The crude odds ratios of SVAD for residence (4.25, 95% CL 1.53–11.79), mother's education (2.83, 95% CL 1.12–7.13), mother's occupation (2.94, 95% CL 1.44–5.99), breast-feeding, vitamin A preparation supplements (0.28, 95% CL 0.12–0.65), rank in siblings (2.49, 95% CL 1.51–4.12) and diarrhoea (2.24, 95% CL 1.22–4.1) were statistically significant. For those factors, only rank in siblings (odds ratio 2.08, 95% CL 1.79–3.62) remained statistically significant in the full adjusted model including sex, age in categories, residence, mother's education, mother's education, mother's occupation, vitamin A preparation supplements and diarrhoea.
The prevalence of SVAD in our study population was 6.9%, which was lower than the national average of 11.7%, but comparable with the 5.8% in the coastal areas in China in 2001Reference Lin, Liu, Ma, Tan, Zhang and Jiang13. Two other studies from Zhejiang and Fujian provinces which are adjacent to Anhui reported that the prevalence of SVAD was 7.8% in children aged 0–5 years and 6.3% in children aged 0–6 years, respectivelyReference Qiu, Chen, Yang, Huang, Ou and Chen15, Reference Yang, Chen, Chen, Zheng, Qiu and Chen16.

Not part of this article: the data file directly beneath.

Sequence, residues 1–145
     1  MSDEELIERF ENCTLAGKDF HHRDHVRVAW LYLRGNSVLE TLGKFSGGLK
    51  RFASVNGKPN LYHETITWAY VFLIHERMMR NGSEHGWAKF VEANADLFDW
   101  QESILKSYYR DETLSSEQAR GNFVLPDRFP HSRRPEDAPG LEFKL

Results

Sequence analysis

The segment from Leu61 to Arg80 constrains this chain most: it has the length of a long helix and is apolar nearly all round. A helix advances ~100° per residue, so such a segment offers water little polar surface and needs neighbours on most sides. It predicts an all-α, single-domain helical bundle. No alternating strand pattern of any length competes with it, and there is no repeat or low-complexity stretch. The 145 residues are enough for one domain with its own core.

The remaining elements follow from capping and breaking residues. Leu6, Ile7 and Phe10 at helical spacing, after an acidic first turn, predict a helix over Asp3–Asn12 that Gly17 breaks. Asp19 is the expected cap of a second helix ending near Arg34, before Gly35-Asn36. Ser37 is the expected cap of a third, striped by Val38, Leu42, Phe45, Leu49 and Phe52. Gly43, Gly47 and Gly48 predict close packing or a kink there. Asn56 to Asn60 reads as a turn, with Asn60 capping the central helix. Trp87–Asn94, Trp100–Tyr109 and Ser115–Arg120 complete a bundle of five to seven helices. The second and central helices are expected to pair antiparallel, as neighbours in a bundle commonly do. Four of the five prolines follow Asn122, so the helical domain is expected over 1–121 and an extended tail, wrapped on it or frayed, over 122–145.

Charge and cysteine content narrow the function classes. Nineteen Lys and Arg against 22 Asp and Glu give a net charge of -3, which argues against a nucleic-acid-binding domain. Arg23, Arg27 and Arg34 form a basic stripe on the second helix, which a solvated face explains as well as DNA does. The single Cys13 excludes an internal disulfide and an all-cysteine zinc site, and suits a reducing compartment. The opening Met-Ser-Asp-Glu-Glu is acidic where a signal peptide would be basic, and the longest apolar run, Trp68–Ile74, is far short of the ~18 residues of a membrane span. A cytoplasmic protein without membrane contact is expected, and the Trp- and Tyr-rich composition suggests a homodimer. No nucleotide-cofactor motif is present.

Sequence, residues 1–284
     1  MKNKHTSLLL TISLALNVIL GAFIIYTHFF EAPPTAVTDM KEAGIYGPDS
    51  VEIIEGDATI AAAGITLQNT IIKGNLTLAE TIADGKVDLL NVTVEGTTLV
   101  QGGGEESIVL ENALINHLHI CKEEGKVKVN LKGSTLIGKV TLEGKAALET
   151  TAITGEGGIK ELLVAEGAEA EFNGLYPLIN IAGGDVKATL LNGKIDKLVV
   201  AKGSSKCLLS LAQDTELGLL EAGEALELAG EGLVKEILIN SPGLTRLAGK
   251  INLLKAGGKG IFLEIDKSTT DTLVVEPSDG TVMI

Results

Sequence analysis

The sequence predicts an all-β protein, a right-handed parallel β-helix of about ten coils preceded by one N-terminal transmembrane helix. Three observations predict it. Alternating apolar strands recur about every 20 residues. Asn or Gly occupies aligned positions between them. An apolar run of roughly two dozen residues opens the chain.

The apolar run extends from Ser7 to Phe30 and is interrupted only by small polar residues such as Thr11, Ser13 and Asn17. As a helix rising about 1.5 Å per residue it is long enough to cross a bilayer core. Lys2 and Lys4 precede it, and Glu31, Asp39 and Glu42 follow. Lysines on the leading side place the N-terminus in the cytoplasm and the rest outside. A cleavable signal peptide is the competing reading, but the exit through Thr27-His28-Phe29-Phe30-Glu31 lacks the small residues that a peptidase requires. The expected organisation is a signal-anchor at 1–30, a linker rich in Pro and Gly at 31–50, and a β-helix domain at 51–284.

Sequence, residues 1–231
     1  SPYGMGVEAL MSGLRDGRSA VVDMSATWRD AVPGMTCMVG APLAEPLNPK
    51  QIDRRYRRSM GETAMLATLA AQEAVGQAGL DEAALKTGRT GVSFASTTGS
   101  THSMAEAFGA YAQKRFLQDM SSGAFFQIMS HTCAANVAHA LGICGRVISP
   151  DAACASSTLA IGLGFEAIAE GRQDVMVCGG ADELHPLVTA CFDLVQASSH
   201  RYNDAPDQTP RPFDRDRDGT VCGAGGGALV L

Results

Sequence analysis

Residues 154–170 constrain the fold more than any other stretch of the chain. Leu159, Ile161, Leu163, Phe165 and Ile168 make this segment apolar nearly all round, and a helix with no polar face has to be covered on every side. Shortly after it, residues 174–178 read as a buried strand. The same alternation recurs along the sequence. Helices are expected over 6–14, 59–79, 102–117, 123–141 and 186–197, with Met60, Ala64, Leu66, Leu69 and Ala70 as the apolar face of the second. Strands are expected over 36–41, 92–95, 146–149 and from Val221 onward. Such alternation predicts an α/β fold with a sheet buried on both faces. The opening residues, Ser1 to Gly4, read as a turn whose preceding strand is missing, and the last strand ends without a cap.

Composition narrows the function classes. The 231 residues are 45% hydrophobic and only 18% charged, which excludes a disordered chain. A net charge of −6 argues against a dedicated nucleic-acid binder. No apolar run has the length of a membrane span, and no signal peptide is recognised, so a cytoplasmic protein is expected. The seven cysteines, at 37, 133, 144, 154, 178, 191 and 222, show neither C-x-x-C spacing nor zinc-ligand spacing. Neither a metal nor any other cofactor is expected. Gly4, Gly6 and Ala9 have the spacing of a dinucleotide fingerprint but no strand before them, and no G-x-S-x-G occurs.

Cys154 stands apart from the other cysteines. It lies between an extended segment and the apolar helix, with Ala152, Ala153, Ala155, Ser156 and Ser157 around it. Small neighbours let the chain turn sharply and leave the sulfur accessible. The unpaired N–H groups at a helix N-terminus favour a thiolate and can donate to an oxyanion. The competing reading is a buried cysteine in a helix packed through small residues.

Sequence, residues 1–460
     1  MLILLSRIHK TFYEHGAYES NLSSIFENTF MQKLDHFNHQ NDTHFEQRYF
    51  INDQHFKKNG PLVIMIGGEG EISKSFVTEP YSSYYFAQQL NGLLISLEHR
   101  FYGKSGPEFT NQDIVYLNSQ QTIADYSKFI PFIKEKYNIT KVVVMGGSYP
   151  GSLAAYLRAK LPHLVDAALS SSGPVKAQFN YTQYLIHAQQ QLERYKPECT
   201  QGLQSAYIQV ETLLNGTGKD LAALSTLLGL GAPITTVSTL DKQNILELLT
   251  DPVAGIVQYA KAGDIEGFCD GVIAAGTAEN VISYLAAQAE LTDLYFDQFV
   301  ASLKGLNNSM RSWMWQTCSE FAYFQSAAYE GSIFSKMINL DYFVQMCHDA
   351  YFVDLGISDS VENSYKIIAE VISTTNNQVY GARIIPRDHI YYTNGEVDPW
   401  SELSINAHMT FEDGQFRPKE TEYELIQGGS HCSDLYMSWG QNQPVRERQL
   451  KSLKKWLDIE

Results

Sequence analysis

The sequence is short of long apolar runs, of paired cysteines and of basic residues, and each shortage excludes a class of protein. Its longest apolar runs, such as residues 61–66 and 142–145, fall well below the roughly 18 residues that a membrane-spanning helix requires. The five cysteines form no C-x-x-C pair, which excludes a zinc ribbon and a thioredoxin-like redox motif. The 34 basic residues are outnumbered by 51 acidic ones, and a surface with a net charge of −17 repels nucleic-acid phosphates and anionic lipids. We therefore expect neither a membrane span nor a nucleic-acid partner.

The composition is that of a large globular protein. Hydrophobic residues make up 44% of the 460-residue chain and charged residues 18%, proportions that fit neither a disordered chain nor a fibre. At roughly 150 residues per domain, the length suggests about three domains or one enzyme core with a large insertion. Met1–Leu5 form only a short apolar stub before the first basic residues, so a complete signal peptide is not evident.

We found that breast-feeding in children, especially for those aged 1 year, was associated with an increased risk of SVAD. The effects remained statistically significant after adjustment for sex, age, the order in siblings, mother's education, mother's occupation, vitamin A supplementation and diarrhoea, as well as dietary factors. Univariate logistic regression analysis showed that those who received high, frequent intakes of complementary foods tended to be less likely to have SVAD. However, no food showed a statistically significant effect after adjustment for breast-feeding and other confounders. Residing in rural areas, ranking second or more in the order of siblings, mother's education less than junior high school, mother's occupation of farmer, no vitamin A preparation supplementation in the previous 6 months, and diarrhoea in the past 2 weeks were risk factors for SVAD in the univariate analysis; only children ranked second or more in the order of siblings were found to be at risk of SVAD in the fully adjusted logistic regression model.